On Friday, a Norwegian court must determine whether Anders Behring Breivik was sane when he killed 77 people last year. Court-appointed experts have come to opposing conclusions, but most Norwegians believe Breivik must have been mentally sound in order to plan such an attack.
A Norwegian court delivers its verdict in the ten-week trial of gunman Anders Behring Breivik on Friday, deciding whether to send the anti-Muslim militant to jail or a mental hospital for the massacre of 77 people last summer.
Prosecutors have demanded a verdict of insanity, a fate Breivik called "worse than death", while many of his victims say only a sane person could have carried out such a complex attack. Either way he is likely to spend the rest of his life behind bars.
"He has made it clear that if he is convicted as legally insane, he will appeal the decision," Geir Lippestad, Breivik's defence lawyer, said on Thursday. "If he is convicted as sane, he will accept that."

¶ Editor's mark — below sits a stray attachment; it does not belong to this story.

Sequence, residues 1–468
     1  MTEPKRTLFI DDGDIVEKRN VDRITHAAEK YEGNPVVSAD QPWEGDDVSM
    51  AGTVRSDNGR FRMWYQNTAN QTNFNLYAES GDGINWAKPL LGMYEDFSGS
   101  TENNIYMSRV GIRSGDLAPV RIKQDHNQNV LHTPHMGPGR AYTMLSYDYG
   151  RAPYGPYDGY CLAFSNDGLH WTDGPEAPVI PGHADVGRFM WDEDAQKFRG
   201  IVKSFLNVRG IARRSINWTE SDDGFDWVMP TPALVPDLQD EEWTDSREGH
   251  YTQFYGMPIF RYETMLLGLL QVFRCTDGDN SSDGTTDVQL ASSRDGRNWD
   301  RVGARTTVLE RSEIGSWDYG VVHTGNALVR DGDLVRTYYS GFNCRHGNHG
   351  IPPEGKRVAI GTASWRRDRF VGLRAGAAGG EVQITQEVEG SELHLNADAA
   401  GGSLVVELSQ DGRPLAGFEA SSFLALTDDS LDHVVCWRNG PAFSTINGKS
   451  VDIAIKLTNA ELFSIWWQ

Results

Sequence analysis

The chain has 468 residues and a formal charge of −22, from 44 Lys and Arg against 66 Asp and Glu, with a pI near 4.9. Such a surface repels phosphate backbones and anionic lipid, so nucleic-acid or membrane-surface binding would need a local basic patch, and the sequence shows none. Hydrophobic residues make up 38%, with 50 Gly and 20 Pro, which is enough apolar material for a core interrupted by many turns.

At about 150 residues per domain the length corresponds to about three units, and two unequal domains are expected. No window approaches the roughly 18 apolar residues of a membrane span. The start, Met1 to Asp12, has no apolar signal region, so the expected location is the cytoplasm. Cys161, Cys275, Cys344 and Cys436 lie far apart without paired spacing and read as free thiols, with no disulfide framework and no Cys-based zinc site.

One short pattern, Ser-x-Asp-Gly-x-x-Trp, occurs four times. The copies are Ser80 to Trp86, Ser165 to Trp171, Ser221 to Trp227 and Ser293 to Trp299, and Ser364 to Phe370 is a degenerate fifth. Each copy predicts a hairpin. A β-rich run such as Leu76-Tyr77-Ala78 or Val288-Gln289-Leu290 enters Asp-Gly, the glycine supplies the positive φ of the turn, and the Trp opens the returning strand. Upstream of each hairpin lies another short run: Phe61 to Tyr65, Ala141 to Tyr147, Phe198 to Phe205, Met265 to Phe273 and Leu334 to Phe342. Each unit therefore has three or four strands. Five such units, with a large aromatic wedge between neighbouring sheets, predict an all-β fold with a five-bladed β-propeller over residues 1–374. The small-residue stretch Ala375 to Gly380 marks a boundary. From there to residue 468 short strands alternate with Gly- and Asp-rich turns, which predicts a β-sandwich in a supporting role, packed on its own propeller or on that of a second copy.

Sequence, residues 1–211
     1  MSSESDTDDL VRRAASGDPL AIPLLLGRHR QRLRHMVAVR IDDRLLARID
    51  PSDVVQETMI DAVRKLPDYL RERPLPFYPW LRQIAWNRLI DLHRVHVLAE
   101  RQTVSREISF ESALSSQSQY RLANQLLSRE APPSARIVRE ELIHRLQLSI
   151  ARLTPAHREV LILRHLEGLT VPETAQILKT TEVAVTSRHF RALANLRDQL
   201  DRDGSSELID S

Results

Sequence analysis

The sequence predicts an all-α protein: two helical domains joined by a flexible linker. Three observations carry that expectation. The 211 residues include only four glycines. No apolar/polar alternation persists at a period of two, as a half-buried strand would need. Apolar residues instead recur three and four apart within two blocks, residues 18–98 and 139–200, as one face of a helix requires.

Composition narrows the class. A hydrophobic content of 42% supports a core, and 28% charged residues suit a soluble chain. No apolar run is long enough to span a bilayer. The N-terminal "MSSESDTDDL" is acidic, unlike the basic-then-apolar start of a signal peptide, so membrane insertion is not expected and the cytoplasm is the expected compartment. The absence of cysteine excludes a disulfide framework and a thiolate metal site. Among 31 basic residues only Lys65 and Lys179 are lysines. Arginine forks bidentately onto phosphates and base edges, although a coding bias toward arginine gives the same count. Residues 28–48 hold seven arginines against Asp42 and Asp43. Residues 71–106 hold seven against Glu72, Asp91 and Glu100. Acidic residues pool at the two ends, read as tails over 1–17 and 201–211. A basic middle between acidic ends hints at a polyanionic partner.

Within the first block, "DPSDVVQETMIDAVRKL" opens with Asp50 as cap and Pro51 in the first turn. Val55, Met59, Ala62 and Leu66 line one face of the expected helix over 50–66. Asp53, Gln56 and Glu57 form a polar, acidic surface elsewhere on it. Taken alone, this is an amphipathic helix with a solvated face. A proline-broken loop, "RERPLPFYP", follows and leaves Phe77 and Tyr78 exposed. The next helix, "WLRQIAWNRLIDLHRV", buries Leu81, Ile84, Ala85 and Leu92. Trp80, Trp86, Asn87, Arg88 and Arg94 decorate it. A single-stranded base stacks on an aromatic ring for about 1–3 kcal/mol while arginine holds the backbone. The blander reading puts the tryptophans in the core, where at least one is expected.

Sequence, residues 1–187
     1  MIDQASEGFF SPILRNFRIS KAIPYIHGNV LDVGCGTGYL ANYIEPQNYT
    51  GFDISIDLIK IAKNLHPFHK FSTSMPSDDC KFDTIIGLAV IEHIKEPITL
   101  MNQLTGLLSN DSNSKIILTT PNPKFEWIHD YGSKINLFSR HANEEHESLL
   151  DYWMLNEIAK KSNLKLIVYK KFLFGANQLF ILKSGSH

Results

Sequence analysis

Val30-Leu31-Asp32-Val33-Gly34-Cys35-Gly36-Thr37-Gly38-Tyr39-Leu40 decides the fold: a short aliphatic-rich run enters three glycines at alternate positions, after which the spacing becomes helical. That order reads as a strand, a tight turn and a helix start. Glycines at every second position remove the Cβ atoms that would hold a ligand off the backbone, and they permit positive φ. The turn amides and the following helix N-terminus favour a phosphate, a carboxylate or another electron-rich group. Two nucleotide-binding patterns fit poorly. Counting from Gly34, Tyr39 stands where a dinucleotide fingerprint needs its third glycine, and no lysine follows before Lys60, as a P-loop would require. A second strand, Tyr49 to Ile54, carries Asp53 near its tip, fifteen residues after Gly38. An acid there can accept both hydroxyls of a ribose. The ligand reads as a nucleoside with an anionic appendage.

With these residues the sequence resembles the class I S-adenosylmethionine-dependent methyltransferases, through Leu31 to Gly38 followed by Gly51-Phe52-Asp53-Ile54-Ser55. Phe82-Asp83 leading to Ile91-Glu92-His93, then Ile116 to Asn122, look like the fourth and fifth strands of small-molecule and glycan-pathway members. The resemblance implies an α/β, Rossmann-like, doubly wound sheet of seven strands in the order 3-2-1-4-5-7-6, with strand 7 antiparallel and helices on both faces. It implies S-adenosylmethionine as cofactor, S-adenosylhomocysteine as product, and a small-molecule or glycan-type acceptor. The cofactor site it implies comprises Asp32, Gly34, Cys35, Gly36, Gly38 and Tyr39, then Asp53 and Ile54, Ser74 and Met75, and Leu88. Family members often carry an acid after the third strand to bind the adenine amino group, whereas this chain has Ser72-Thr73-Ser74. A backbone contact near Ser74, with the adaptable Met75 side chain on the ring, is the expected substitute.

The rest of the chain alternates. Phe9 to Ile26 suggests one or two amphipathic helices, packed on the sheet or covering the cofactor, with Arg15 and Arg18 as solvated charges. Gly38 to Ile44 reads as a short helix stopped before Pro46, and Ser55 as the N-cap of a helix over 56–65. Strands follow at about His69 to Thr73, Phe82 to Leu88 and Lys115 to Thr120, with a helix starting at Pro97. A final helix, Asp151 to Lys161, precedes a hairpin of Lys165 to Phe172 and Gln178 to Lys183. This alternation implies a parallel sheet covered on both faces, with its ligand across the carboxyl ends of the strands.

Breivik detonated a fertilizer bomb outside a government building that included the prime ministerial offices last July, killing eight, then gunned down 69 people, mostly teenagers at the ruling Labour Party's youth camp on Utoeya island.
Guilt had never been a question in the trial as Breivik described in chilling detail how he hunted down his victims, some as young as 14.
The killings shook this nation of five million people which had prided itself as a safe haven from much of the world's troubles, raising questions about the prevalence of far right views as immigration rises.
The trial and a commission of investigation into the country's worst violence since World War Two have kept Breivik on the front pages for the past 13 months and survivors said the verdict would finally bring some closure.